We make our rye whiskeys with 100% rye and have issues moving the mash once the grain settles out during fermentation. We changed the mash bill to less rye and tried using a liquifier but found it wasn't worth the money.
We are looking to put in some kind of slow agitator to keep the solids suspended without adding a lot of oxygen in to the mash as it ferments. Any suggestions or ideas?
Thank you very much!
Have you considered putting in a false bottom?
have you considered/attempted agitating it at the end of fermentation before the mash is transferred?
Depending on your fermenter density, 'slow' agitation may not help with suspended solids if it's too thick.
Are you just having problems pumping the fermented mash to the still after fermentation? If so, what type of pump are you using? We run very heavy mashes (1400 lbs of grain in 550 gallon fermenters and we had problems at first when we were using an electric centrifugal pump. We switched to Air Operated Diaphragm pumps and they move the mash with no problem. If you have an air compressor you might want to look at that as a transfer solution.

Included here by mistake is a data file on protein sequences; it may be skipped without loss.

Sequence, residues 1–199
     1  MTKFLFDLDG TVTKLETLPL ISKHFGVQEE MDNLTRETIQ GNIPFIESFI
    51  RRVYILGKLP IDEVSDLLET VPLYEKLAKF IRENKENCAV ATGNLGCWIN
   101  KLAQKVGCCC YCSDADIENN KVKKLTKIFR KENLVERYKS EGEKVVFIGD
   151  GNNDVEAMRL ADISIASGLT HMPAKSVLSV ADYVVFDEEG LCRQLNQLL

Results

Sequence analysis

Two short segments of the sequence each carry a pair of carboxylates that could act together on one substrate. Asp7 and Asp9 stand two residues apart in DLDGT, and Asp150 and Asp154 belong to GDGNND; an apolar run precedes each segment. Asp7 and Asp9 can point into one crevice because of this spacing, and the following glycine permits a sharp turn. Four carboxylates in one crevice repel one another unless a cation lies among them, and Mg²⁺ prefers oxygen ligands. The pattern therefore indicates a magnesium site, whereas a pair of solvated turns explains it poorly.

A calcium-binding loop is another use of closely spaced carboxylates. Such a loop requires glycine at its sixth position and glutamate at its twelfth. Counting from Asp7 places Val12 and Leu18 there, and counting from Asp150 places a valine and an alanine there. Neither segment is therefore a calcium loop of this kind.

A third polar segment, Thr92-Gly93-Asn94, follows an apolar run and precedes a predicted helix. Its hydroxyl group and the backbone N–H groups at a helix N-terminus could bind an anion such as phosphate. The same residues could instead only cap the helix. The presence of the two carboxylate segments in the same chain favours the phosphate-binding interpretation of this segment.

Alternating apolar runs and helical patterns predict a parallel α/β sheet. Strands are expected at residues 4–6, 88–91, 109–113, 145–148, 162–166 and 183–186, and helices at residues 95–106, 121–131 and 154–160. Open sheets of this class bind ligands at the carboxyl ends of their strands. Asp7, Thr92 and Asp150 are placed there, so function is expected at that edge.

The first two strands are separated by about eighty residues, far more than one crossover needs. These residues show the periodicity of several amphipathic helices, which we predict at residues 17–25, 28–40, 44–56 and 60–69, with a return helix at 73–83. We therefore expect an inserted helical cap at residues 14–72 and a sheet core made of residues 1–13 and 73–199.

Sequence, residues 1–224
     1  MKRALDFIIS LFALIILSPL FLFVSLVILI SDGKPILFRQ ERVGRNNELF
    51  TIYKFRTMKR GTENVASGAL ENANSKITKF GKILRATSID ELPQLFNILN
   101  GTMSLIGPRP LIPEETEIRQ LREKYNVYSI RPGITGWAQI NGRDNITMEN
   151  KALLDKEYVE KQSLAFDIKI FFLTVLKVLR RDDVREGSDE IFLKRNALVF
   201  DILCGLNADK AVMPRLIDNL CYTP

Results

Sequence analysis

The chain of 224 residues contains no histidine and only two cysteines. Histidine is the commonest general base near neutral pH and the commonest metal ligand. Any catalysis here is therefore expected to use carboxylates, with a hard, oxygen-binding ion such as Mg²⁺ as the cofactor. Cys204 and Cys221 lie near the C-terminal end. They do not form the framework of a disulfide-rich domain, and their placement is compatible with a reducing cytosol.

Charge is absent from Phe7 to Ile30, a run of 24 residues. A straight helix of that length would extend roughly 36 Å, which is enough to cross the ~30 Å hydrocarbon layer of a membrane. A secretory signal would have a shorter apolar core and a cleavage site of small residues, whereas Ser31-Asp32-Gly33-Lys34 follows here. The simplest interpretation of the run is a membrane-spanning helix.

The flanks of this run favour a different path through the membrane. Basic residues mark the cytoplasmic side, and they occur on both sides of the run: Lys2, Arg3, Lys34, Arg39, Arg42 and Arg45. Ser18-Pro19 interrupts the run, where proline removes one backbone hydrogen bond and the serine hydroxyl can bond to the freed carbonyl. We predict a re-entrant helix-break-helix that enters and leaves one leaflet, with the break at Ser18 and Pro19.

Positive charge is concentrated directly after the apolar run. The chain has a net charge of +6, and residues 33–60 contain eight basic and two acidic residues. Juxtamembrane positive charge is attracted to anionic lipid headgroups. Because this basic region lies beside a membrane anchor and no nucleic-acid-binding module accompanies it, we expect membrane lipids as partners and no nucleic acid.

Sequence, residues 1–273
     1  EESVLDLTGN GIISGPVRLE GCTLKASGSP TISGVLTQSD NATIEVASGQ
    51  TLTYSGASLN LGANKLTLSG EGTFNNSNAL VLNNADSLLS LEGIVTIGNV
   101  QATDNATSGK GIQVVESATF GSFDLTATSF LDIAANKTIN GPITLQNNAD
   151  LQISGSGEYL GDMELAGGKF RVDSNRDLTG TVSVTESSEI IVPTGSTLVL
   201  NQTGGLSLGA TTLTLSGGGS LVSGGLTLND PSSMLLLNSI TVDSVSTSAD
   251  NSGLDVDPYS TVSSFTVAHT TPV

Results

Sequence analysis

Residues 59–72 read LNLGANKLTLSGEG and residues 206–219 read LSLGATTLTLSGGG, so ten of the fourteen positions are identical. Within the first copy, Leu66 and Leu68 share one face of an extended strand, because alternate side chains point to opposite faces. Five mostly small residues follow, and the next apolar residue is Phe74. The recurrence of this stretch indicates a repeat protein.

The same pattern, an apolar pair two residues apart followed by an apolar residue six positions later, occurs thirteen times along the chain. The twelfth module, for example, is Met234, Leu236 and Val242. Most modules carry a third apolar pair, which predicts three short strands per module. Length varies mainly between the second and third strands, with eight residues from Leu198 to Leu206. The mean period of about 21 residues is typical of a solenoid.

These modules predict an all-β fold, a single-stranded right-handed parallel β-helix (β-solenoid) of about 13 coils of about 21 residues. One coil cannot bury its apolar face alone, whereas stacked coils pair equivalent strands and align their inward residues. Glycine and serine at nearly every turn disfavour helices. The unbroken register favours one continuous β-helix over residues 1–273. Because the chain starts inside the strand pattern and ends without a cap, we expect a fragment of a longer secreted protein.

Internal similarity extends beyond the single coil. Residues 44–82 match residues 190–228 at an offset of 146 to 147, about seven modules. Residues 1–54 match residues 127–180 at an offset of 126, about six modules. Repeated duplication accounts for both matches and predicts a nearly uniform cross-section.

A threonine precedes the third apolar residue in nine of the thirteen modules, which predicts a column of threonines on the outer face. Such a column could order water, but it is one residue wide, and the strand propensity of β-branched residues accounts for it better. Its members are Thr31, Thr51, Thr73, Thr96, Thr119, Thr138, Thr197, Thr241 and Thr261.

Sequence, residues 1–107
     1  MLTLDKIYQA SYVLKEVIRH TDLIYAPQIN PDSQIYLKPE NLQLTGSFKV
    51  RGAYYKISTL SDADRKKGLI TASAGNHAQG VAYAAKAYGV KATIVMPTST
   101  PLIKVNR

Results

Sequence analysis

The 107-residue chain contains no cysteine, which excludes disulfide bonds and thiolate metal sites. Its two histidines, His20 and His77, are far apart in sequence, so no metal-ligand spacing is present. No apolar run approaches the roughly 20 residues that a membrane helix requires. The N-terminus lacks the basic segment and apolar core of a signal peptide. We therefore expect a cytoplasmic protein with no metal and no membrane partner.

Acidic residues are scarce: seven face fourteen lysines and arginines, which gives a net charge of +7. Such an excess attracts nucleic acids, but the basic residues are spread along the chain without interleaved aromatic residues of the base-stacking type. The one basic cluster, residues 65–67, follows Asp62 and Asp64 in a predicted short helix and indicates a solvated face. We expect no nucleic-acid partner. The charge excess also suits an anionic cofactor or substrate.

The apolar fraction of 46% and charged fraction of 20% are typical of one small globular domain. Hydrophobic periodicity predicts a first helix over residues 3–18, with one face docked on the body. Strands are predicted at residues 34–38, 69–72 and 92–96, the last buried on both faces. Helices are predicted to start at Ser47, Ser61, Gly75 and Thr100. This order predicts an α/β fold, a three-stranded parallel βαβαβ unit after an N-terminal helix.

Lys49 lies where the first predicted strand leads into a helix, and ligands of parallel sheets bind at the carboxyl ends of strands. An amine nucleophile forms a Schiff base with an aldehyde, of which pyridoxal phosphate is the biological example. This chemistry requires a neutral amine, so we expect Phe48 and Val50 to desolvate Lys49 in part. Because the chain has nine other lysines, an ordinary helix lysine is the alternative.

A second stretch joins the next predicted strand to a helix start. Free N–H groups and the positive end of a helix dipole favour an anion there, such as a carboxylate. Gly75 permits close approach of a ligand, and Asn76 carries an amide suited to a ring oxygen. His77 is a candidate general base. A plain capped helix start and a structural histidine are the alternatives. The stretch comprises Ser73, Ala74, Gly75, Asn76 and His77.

Had the same issue now we just blast the bottom with some compressed air before transferring out of fermentors.
Reply:On 10/26/2016 at 2:47 PM, sonnyk said:
We are putting bridge-mounted agitators on the tops of our 550g Custom Metalcraft fermenters for a similar exact reason. Still is half the size of the fermenter, so we run two batches per. The issue is that batch one is grain heavy, and getting the fermenter homogeneous is impossible with a paddle. I imagine it would help significantly during cooldown as well.
Nothing too fancy, 3/4hp motors with inline gear reductions. Will machine a coupling and just use a long shaft down to the bottom with a simplistic impeller. It doesn't need much.
It doesn't need to run for the length of the ferment, just start it before the pump over.
We use a Warren Rupp Sandpiper Model SB1 1/2.-A . I don't think they make our model anymore but they are selling a HDB1 1/2 model which is very similar. the air requirements are 90 CFM max at 20 - 40 PSI. We have a very big Ingersoll Rand double air compressor unit but you should be able to get by with something much smaller.
I was going to say to make a air wand and blast it with some air before you start pumping. It really works great.
I use a 2" diaphragm pump plumbed in a loop on the tank. Run the pump for 3 min to mix the water and grain back into slurry, then flip a valve to transfer :-)